Why do they have such low self-esteem? Part of the problem lies within the existence of Facebook and Twitter.

The virtual world is doing half the neggers’ work for them. Every thought, action and encounter, is accompanied by a constant and often cruel online commentary that they’re not good enough, clever enough or slim enough. And as a result, in some strange way, they’ve become addicted to being put down.

There were certainly neggers on the scene when I was a girl, but we weren’t such easy prey.

Where young people today are in contact at all hours of the day and night, we spoke to boys on the landline telephone — how quaint! — for no more than a few minutes at a time. We made our own clothes. Now girls have to look cool, wear the right designers, be gorgeous, be funny, and conform to a rigid set of suffocating ‘norms’.

And it erodes their self-confidence. Just as it does dating a boy who’s obsessed with internet porn, for example, and who expects female bodies to look like the ones on the screen.

Or to be immersed in a teen culture where pop stars promote sexual availability, skinniness, and an unattainable fantasy of what a young woman is really like or should be.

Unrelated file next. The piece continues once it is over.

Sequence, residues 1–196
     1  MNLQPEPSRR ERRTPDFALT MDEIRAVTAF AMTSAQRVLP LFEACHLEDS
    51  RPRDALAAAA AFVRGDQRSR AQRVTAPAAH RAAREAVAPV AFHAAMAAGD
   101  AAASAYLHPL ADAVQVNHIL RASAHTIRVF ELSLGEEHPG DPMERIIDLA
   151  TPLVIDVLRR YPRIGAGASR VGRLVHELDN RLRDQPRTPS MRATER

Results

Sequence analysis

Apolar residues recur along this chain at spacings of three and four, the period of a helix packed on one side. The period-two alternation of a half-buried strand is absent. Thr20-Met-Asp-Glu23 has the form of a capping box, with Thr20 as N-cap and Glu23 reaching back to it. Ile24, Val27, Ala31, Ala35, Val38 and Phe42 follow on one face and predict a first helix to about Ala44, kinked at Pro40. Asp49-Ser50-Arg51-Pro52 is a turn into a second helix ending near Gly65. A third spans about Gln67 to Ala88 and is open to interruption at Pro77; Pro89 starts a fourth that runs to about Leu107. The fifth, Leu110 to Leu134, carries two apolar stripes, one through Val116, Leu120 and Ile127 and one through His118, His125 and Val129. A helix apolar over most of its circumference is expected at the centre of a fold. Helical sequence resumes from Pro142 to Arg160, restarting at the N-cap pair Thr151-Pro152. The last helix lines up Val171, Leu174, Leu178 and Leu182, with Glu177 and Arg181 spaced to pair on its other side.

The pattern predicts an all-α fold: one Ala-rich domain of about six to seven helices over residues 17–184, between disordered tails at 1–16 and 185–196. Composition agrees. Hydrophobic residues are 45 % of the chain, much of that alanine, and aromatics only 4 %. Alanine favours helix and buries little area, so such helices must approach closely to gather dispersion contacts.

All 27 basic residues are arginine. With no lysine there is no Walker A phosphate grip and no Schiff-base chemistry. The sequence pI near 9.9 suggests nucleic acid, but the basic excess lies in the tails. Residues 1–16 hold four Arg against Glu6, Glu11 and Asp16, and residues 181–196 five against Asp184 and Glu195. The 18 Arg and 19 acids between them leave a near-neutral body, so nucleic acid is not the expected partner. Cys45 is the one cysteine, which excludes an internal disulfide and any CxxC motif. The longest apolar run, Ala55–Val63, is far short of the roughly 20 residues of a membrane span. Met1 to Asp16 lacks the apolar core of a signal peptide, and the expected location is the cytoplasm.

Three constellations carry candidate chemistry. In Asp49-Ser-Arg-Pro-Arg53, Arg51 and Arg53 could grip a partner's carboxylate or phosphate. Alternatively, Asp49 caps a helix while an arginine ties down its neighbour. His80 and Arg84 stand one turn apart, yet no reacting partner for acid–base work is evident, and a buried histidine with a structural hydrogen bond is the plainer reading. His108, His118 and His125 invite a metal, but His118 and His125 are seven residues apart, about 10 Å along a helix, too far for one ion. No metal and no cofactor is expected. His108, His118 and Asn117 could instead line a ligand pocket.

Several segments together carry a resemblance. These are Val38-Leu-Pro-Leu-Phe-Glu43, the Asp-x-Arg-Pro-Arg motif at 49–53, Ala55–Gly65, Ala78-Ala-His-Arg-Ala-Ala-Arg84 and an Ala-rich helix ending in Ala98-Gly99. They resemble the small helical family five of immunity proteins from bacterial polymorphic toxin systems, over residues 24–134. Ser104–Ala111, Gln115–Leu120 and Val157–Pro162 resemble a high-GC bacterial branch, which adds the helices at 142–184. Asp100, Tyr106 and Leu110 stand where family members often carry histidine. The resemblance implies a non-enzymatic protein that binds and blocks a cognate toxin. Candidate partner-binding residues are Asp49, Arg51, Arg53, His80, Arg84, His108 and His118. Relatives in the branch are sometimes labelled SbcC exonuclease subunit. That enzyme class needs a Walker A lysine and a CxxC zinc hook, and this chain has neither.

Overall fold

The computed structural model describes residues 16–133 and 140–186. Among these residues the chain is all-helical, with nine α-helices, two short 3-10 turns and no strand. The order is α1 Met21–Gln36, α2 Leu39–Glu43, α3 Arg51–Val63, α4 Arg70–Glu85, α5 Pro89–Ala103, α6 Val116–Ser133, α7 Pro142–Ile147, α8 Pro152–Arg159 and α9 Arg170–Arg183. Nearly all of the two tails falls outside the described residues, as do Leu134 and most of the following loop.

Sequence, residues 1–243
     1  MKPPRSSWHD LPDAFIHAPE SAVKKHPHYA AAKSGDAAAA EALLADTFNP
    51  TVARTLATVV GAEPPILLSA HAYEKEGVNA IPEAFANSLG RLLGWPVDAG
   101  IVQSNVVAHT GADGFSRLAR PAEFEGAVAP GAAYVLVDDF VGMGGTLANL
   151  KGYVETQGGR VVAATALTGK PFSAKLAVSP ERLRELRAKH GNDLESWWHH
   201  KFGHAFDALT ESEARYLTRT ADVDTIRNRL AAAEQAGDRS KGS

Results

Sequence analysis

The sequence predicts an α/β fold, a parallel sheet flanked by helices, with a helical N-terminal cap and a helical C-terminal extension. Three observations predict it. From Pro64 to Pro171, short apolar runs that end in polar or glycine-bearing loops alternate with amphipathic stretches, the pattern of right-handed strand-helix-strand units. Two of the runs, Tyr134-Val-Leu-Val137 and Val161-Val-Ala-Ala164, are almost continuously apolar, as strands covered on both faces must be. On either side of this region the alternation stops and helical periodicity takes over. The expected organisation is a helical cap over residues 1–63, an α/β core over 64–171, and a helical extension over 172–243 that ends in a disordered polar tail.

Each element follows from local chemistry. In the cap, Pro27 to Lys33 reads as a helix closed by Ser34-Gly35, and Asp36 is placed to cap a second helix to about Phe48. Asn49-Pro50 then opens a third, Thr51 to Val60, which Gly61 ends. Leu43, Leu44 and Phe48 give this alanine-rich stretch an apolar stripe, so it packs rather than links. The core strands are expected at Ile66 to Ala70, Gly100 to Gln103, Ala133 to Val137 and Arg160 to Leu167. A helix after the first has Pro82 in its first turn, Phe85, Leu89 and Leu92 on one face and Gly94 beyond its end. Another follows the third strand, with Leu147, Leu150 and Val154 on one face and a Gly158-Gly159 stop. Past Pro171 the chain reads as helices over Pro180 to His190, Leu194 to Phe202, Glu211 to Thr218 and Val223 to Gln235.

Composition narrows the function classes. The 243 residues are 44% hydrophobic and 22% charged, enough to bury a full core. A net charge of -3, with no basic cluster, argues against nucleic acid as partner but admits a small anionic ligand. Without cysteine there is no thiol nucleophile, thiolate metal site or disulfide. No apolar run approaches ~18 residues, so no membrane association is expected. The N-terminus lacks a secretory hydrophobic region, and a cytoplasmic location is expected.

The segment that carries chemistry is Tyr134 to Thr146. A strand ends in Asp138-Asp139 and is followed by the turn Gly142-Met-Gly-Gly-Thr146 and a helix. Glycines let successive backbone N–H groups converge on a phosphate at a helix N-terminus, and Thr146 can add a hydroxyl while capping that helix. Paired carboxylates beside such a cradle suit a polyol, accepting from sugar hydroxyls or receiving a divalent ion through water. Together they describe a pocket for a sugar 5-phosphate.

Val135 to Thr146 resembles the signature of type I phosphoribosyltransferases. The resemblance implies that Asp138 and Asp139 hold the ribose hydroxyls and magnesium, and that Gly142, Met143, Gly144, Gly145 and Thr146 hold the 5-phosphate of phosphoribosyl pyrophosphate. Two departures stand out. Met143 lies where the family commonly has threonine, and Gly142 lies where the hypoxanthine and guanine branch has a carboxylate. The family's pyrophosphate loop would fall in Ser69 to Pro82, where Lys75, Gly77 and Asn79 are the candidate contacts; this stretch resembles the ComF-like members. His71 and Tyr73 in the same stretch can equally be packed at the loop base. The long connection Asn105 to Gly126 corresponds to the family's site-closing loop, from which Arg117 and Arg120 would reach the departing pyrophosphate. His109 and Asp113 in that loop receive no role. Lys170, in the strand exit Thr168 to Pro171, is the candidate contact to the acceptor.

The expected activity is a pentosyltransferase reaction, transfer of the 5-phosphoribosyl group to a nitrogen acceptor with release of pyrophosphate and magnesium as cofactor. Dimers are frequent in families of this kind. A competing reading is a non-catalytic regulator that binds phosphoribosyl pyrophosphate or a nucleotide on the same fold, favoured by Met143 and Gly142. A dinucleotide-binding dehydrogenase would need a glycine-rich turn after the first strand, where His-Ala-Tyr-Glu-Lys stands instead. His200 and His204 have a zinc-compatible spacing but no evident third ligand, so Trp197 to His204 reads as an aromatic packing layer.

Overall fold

And the PUAs, the despicable Blancs of this world, exploit that vulnerability.

The PUA culture really kicked off more than a decade ago with the bestselling book The Game, by Neil Strauss. It claimed to penetrate the secret society of pick-up artists, offering techniques and strategies with one sole purpose — having sex with women, then ditching them.

It doesn’t take too much surfing of Julien Blanc’s ‘manosphere’ — the informal network of blogs and websites set up by men in opposition to feminism — to realise that it is populated by a bunch of nerdy losers.

Hopeless, hapless men who feel lost in a world of accomplished young women. They feel emasculated, like spare parts, and the only way of hitting on women is to knock them down to their own size.

Indeed, I’d heartily recommend that every young woman reads one of these obnoxious sites to see exactly what they’re up to. Try, perhaps, which claims to offer ‘advice’ to loser men. Some of it is too vulgar to be repeated in a family newspaper, but its ethos is summed up by Jesse Charger, the ‘seduction guru’ who runs the site.

‘This should be a mantra in your head every time you see a woman that stirs your loins . . . “She just wants to be bent over and have her hair pulled!” ’

Any woman who’s visited the site should be able spot the signs she is being ‘negged’ — before running a mile.

This story was written by Amanda Platell.